Archive for June 2012

Google I/O day 1

Well day 1 of Google I/O is in the rear view mirror. While the event logistics were not the best, the content was decent, if a bit geared toward the intermediate to advanced Android developer. The line to get my Android developer devices was far too long, so I decided to wait until the next day.

After the conference was done for the day, I decided to take public transit and head over to Amoeba Music in Haight-Ashbury, and I was a bit diasppointed. I had not been there in many years, and I guess I remember it having more selection before. But I could be wrong.

BTW, happy Perfect Number Day to everyone out there. Yeah, that is not an actual holiday, I just made it up.

Locale friendly numeric entries

If you are ever planning to have someone from a country other than the U.S. use your iOS application, then I would go through right now and check for all the floatValue and doubleValue methods of NSString, and get rid of them if the NSString is coming from data that the user can enter. Needless to say, those users in Europe who use a comma for the decimal separator and a period for the thousands separator will notice some hilarities when using your app.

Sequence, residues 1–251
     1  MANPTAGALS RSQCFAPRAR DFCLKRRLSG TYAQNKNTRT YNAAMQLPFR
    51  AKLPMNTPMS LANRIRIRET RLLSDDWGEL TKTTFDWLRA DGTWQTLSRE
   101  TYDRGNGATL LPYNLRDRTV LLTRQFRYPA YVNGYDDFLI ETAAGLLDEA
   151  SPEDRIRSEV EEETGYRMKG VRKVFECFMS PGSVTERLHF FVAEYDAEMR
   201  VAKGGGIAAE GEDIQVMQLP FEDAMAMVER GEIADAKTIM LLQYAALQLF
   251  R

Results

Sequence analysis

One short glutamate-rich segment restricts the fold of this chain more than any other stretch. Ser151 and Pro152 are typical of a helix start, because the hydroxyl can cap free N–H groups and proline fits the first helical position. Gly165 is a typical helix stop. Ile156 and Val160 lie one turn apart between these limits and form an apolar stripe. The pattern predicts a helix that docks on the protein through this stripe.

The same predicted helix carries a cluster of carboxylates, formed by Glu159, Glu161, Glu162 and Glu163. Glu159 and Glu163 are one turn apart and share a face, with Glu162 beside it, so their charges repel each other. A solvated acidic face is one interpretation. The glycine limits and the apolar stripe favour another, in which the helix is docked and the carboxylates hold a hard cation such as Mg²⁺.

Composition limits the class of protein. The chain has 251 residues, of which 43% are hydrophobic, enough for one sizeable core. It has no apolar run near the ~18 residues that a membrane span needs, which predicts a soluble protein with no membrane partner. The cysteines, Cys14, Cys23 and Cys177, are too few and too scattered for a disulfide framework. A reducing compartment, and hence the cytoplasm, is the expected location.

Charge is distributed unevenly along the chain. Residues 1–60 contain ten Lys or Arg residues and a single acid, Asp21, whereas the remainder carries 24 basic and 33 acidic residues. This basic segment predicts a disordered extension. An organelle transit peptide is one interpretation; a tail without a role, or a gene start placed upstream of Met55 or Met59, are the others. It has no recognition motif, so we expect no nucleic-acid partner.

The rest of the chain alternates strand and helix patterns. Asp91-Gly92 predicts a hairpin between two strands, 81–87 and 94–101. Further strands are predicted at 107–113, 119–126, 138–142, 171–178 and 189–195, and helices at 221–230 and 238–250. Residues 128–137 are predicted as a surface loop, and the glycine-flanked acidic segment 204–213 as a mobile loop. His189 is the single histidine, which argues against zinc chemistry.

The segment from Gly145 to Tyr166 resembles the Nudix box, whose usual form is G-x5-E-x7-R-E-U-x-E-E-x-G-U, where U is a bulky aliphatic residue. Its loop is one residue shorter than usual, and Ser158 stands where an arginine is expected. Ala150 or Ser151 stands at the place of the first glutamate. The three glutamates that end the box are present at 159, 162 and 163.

I put together a quick method in my NSString categories code (notice that it uses self as the source string) that I am using to avoid this very issue. Here is what it looks like:

- (double)localeSafeDecimalValue
    NSNumberFormatter *decimalStyle = [[NSNumberFormatter alloc] init];
    [decimalStyle setNumberStyle:NSNumberFormatterDecimalStyle];
    NSNumber *n = [decimalStyle numberFromString:self];
    [decimalStyle release];
    return [n doubleValue];

This will work as long as the user is entering numbers in the format that their International Settings are set to on their iOS device.

BTW, happy birthday to Michael Anthony, bass player and backup singer of Van Halen and Chickenfoot fame.

Open Source iOS Projects (Codestock, June 15, 2012)

Thanks to everyone who turned out first thing on Friday morning for my presentation on utilizing open source iOS projects. This was the second time I gave this presentation, and this time it went a bit better, as I was not constantly switching back and forth between the slides and Xcode.

If you would like to download a PDF of the presentation, here is a link:

Open Source iOS Projects presentation v2

Also, if you would like to download a ZIP file of all of the demos that I did, here is a link for that:

Open Source iOS Projects demos v2

BTW, happy enactment day to the Smoot-Hawley Tariff Act, enacted this day in 1930. Those “Save Ferris” fans out there should remember this piece of legislation well.